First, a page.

Latest posts by Martin Moodie (see all)
- Around the world in 80 (or so) days - May 15, 2022
- Cannes on steroids and gobsmacked in an airport wonderland - May 11, 2022
- A sneak preview of a new wonder of the world - May 10, 2022
About as good a spend of £15 in an airport as I can remember…
The item in question is a called ‘A Journey in Style’, written by Elizabeth Walker (with an introduction by Yasmin Le Bon). It’s a lovely pictorial book that celebrates some of the most stylish travellers, outfits and luggage to grace Heathrow’s concourses down the years plus some great on location shots from around the world.
There’s a stunning array of archive photography, some from the airport’s resident photographer Dennis Stone and some from Getty Images. Not surprisingly, they include several of the most iconic style influencers (and Heathrow passengers) of all time, including Marilyn Monroe Marlene Dietrich; Mick Jagger, The Beatles and even Queen Elizabeth II.
All proceeds from A Journey in Style go to Oxfam, Heathrow’s official charity partner.
Having seen the digital screen advertising for the book, I popped into the landside T5 Gallery (above) to procure a copy. I have mentioned several times in this Blog that this is one of my favourite places, let alone stores, in any airport.
Today, as luck would have it, both Director Ann Aldridge and Gallery Manager Alex Prior were on site and it was nice to catch up, have a chat about the Elizabeth Walker project and to view the stunning range of art and sculpture currently on display. It was also nice to hear that T5 Gallery, a rare perhaps solitary example of a commercial art store/gallery in an airport, is prospering.
[Alex and Ann in front of the wonderful ‘Before the Performance – The Royal Opera House’ by Will Rochfort at T5 Gallery]
In recent months I’ve had a number of stimulating conversations with various airport executives (Paul Griffiths and Eugene Barry at Dubai Airports; Cissy Chan at Hong Kong International; Cheryl Nashir at San Francisco International; Glyn Williams at Sydney; Jonathan Coen at Heathrow and others) about what airports can be. Not just facilitators of a journey but an intrinsically experiential part of the journey.
All of the airports I cite are doing their best to achieve exactly that. We recently began a special series in each edition of The Moodie e-Zine (in association with The Design Solution) that offers a pictorial focus on how the great (but often misused) concept of Sense of Place is finding expression in airports. More, much more, next year as we start to examine what airports can achieve in serving the unique, ever-changing cross-roads of humanity that pass through them each and every day of the year.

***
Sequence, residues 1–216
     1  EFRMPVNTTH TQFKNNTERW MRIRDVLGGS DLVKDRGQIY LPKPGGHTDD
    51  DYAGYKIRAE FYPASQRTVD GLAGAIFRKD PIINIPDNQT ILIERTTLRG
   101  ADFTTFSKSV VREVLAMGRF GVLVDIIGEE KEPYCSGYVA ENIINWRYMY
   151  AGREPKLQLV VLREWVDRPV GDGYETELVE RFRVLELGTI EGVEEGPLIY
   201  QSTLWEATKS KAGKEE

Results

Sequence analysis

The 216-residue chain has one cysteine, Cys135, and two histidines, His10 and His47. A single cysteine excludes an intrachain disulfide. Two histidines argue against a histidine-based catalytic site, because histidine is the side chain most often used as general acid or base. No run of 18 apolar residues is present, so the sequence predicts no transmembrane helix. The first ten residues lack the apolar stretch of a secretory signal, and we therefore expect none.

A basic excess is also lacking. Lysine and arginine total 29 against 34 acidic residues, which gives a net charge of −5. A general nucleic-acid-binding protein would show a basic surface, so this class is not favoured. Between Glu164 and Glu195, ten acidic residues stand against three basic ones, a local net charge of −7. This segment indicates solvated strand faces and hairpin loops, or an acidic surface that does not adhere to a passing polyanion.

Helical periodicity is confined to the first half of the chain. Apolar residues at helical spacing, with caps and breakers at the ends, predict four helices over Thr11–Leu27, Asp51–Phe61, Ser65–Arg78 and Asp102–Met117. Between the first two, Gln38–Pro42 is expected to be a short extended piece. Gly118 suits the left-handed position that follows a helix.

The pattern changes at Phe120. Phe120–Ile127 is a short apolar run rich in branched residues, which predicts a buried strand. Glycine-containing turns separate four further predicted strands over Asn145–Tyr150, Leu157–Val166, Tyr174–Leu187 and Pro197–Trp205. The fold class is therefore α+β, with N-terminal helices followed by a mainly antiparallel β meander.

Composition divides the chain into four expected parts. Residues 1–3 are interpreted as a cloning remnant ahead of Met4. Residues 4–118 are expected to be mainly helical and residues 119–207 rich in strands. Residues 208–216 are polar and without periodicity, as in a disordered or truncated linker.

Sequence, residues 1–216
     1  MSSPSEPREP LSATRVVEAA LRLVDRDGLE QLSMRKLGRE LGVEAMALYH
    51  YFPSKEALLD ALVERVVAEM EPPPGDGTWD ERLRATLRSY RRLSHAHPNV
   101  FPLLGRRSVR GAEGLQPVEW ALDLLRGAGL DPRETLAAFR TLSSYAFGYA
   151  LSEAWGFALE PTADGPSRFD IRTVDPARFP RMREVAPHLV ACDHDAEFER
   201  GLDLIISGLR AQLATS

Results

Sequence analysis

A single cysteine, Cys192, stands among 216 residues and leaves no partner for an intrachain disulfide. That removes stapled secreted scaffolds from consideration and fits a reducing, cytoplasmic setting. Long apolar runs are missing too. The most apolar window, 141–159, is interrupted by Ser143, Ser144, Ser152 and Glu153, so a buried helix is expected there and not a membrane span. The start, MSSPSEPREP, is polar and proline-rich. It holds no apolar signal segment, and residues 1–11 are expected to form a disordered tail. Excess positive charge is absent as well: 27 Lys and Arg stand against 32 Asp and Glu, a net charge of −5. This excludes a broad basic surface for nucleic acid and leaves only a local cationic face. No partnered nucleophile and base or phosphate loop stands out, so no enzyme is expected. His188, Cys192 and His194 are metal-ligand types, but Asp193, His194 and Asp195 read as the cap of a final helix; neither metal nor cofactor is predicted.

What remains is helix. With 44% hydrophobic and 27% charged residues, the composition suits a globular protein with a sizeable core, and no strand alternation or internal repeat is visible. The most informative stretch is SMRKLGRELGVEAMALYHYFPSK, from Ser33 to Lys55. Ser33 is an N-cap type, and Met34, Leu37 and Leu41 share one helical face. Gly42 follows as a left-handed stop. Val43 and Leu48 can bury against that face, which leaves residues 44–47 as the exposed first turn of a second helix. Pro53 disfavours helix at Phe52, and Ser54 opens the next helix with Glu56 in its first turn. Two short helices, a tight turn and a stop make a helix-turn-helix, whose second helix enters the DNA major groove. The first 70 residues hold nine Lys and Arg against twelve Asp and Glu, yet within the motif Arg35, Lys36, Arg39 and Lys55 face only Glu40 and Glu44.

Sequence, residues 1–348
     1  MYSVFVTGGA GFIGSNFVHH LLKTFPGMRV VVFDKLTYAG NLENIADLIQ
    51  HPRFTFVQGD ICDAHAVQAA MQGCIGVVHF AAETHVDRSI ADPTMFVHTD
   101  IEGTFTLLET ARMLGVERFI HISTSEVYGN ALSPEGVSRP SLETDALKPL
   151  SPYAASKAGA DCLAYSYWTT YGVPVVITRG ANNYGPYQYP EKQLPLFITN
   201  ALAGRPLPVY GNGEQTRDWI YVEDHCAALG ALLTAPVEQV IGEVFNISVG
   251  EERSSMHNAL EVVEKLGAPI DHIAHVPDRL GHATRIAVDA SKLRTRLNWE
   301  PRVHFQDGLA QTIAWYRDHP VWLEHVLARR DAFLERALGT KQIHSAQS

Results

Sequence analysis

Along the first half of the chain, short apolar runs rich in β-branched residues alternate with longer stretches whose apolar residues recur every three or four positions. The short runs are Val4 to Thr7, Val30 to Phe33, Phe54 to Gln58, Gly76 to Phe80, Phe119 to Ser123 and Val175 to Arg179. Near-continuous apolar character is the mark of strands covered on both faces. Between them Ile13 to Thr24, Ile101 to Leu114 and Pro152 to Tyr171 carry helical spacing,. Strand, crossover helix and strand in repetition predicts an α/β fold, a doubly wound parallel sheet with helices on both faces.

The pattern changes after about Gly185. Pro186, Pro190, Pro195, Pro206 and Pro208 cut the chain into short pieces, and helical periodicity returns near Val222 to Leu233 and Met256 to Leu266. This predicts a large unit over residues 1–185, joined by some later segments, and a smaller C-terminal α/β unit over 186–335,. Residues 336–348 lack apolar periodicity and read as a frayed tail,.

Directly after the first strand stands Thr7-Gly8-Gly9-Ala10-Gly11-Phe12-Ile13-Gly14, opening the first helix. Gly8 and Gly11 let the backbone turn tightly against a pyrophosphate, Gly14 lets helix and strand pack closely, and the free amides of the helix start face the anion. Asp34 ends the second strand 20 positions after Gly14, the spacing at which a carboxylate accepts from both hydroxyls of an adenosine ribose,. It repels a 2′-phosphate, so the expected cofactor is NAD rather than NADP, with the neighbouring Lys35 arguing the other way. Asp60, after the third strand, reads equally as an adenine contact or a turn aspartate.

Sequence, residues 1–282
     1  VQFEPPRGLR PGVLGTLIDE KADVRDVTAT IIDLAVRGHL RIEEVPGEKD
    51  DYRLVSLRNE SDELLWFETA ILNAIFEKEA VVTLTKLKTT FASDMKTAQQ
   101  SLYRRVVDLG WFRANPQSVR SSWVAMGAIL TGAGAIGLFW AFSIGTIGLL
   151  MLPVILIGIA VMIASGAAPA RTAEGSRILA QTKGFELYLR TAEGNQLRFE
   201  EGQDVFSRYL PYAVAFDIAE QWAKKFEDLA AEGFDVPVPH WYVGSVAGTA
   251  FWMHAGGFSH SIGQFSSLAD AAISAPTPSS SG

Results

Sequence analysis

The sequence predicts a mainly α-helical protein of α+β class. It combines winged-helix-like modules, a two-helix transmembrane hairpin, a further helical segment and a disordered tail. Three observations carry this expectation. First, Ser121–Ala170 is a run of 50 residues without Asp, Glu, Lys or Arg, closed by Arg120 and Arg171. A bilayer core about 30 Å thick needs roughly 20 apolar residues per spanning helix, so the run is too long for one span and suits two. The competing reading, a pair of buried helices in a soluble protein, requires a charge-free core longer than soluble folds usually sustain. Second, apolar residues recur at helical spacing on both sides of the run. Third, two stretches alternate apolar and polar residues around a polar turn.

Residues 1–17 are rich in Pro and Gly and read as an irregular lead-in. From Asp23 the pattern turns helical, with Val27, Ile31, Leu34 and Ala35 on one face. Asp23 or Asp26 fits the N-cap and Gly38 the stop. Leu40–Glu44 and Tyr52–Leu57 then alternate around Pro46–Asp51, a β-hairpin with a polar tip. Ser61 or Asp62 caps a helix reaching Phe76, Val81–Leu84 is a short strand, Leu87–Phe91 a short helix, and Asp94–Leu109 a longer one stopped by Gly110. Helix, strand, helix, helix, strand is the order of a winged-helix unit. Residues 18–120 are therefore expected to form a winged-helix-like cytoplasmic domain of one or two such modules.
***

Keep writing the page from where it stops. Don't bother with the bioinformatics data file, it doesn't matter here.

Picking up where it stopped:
In the meantime thank you Heathrow Airport and T5 Gallery for truly starting my latest journey in style.
From pictures to pencils. Regular readers will know that my other favourite store at Heathrow T5 is Paul Smith, right up there in my all-time list of the world’s best airport shops. Sadly I didn’t have time for my ‘Paul Smith socks fix’ (I have probably got more pairs than I have power adaptors and, given my capacity for forgetting the latter, that is saying a lot) but I was nonetheless stopped in my tracks by the brand.
I’m talking about another landside display, this time called ‘The Secret Life of the Pencil’ and it’s courtesy of Paul Smith. I’ll let the company explain the concept: This unique charity project collects, exhibits and auctions off pencils from famous owners including Stephen Fry, David Bailey and Paul Smith.
“The humble pencil is found where most of mankind’s greatest achievements begin,” explain Alex Hammond and Mike Tinney, the pencil pushers behind this special project.
The photographic study aims to showcase the continued use of the pencil in an increasingly digital world, demonstrating how the simple writing implement still sits proudly on the desk or behind the ear of the world’s leading artists, architects, writers and designers.
Documenting each pencil in pin-sharp detail, the photographs capture individual pencils as unique as fingerprints, each giving clues to the character of their owner.
Nice idea. Rendered even nicer by the fact that travellers can make their own contribution to Children in Crisis by purchasing limited-edition posters and original prints at the Paul Smith shop airside (or online at PaulSmith.co.uk/secretpencils)
[A golfing tip from Irish sporting ace Rory McIlroy]
[A writing tip from the great author William Boyd]
On the 12th day of Christmas
my true love bought for me:
12 Swatches ticking
11 Torys Burching
10 Viktors Rolfing
9 Johnnies Walking
7 Handbags Kipling
6 Grey Goose laying
5 Cartier rings
4 Burberry Brits
3 French Hennessy
2 chocolate Doves
and all them bought duty free!
– The 12 Days of (Duty Free) Christmas – Traditional (almost)
Yes, once again I’m running my ‘Great Airport Christmas Trees’ competition. Already they’re starting to pop up all over the globe and I’ll be assessing the best, the most creative and the quirkiest. Here are some from Heathrow T5. I must say, I do like Viktor & Rolf’s. Talk about pretty in pink. Send us in your snaps please. It promises to be a cracker of a competition. A real Christmas cracker [Christmas tree rating = 9].
[World Duty Free has gone for a standard look across departments. Elegant but not exciting. Christmas tree rating = 6]
[A more natural look from Watches of Switzerland but I think it just looks a mite sad and isolated. Christmas tree rating = 5]
[Ah, now we’re talking. This is Heathrow Airport’s landside effort at T5. Big, bold, bright, beautiful. Christmas tree rating = 9]